See: http://rbidocs.rbi.org.in/rdocs/notification/PDFs/CDNT17072013R.pdf – it has clearly specified that MSF can only be for 2% of NDTL as of Jul 17 2013.
      Maybe I read it wrong – if you get confirmation will you let me know?

    • dheeraj says:

      Selva,
      On a second reading of the relevant circular(s) I think you are right.
      All excess securities over and above SLR seem to be eligible for MSF. Since they were also eligible for the RBI repo window, MSF become irrelevant. Now, with repo borrowing restricted, MSF becomes relevant. The 2% borrowing allowed below SLR is an additional limit.
      This also means that CBLO / Mkt repo rates tend to get capped by the MSF window. CBLO rates shot up on Saturday only because MSF wasnt available (which they quickly opened in the evening).
      Apologies are in order here.

      • dheeraj says:

        Deepak,
        I think Selva is right. The entire excess over SLR is eligible for MSF.
        The circulars clearly state that the 2% is an “additional” limit.
        This is the first time we might be testing the limits on MSF (since it’s introduction). Hence this confusion.

        • Dheeraj,
          I have a different perspective. There are two different concepts:
          a) the total MSF borrowing asa % of NDTL
          b) the SLR relaxation available in case I borrow within a) above, but then violate the SLR limit.
          For a) the limit is currently 2% of NDTL. The applicable circular is this: (http://rbidocs.rbi.org.in/rdocs/notification/PDFs/CDNT17072013R.pdf)

          Please refer to our circular DBOD.No.Ret.BC.95 /12.02.001/2011-12 dated April 17, 2012
          wherein it was advised that Scheduled Commercial Banks (SCBs) may borrow overnight up to 2
          per cent of their respective Net Demand and Time Liabilities (NDTL) under the Marginal
          Standing Facility (MSF) Scheme and Press Release 2013-2014/112 dated July 17, 2013,
          relating to RBI’s Special Repo Window.

          This is clear – even the linked original circular – that the limit of MSF is 2% of NDTL.
          Now for the b) part. If in the process of borrowing 2% of NDTL, a bank ends up violating SLR limits, then it gets a relaxation of upto 2% of NDTL.
          So you might wonder, why the “additionally”? That’s the confusing word. But if we use an example we can see it.
          Example: A bank has NDTL of 100,000 cr. and Government securities of 24,000 cr. SLR is 23%, which is 23,000 cr. so the bank has “excess” SLR securities of 1,000 cr.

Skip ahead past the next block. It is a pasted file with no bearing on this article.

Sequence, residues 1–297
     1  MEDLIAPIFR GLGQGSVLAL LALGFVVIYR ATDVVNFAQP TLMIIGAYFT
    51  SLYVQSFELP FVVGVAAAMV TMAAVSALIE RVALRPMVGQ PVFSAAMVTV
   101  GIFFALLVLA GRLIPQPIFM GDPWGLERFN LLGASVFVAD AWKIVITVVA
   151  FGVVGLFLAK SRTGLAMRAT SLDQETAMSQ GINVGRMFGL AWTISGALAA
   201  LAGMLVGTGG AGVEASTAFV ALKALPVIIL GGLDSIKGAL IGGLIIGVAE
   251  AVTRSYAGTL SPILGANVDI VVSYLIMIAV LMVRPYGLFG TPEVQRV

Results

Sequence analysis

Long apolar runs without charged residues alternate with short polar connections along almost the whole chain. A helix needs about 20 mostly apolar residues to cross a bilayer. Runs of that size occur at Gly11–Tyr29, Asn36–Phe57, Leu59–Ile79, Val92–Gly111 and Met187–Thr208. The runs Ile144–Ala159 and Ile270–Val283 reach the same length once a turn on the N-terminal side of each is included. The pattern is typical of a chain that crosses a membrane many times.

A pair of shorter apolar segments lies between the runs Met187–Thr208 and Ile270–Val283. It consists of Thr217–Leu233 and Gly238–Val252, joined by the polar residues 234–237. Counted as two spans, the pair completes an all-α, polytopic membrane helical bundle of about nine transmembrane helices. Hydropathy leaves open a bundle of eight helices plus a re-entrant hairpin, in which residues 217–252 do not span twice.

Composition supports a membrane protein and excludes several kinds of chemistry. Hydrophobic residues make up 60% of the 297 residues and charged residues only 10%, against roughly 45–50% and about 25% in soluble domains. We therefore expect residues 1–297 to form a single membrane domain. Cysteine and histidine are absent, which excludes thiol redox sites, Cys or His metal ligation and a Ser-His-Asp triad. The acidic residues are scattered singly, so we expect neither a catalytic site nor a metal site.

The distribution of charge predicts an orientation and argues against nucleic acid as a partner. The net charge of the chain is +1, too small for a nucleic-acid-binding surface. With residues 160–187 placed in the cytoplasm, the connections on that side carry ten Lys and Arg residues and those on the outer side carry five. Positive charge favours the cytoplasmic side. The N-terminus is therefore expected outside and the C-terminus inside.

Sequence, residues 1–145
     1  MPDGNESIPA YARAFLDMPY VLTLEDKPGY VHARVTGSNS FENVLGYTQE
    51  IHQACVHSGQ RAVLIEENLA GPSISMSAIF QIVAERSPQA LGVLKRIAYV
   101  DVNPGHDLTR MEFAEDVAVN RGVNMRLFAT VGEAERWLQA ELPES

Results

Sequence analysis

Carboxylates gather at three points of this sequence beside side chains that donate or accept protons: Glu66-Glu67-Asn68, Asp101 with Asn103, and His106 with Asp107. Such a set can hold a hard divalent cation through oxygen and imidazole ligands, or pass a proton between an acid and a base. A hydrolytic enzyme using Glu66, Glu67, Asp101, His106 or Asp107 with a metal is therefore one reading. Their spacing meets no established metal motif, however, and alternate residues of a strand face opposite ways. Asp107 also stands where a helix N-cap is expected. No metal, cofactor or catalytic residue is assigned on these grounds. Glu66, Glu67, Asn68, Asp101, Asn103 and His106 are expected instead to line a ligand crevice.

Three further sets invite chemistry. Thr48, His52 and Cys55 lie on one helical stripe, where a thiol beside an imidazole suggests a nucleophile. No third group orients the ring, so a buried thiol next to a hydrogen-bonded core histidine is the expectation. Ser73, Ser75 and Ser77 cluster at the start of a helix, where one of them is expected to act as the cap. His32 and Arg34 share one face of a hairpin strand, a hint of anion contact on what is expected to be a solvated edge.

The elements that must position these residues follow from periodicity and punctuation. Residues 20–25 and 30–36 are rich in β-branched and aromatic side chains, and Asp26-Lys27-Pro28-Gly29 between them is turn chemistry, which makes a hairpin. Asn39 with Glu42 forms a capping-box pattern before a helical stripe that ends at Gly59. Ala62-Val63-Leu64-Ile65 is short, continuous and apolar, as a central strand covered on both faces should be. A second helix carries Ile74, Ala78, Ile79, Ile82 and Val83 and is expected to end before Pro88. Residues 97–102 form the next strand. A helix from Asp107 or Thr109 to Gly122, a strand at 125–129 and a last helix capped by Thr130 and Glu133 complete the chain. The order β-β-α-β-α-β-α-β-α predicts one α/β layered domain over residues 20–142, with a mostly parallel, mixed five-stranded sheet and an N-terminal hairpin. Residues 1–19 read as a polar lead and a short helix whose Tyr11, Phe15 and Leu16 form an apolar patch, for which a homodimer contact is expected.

Now, it needs to borrow 2,500 cr. (or 2% of NDTL). Let us assume it borrows to the limit in regular repo , 0.5% of NDTL, or 500 cr. That means it gives 500 cr. of the excess SLR securities for repo. it is now left with 500 cr. of excess SLR securities, and 23,000 cr. of SLR limited securities on which it can’t borrow.
          Bank got 500 cr. but still needs to borrow 2000 cr. more. It will use the MSF window.
          Now it can borrow against that 500 cr. remaining “excess” SLR securities in MSF. But this is not enough, so it will ADDITIONALLY borrow another 1,500 crore BELOW the SLR limit. The “additional” is because this is additional to the excess SLR securities.
          So technically after borrowing the full 2000 cr. in MSF it is left with “unencumbered” SLR securities of 21,500 cr. which is less than the required 23,000 cr. SLR by 1,500 cr. or 1.5% of the NDTL. This is okay because this 1.5% “violation” of SLR limit is within the permissible range (2% below) stipulated in the circular.
          Can this bank borrow 3,000 cr? (500 cr. repo and 2,500 cr MSF?) Answer is no, because while it will meet the SLR relaxation which can go down to 21,000 cr., it will violate the borrowing limit of 2% of NDTL that MSF is capped to. It is limited to 2,000 cr. of MSF borrowing.
          This is my understanding after reading all the circulars, and I think RBI is unambiguous about this. I also think this will be known very soon once this limit is hit 🙂 If RBI lets things go on beyond MSF of 1.6 lakh cr. I am wrong 🙂

        • dheeraj says:

          Deepak,
          In fact the limit (if there is a limit) is not exactly 2% of NDTL. It will be 1.90% or thereabouts in reality.
          Why?
          Because, unlike repo banks have to provide 105% worth of securities for the amount that they borrow.
          Under repo, it is 100%.
          This is an additional twist in the MSF tale.

  • Selva (@amazzzer) says:

    I know of two banks which are borrowing close to 3.5-4% of their individual NDTL under MSF. Since most of PSUs are net cash surplus the overall system liquidity is not crossing 1.4 Trillion plus the CMB redemptions are taking care of advance tax outflows in a way.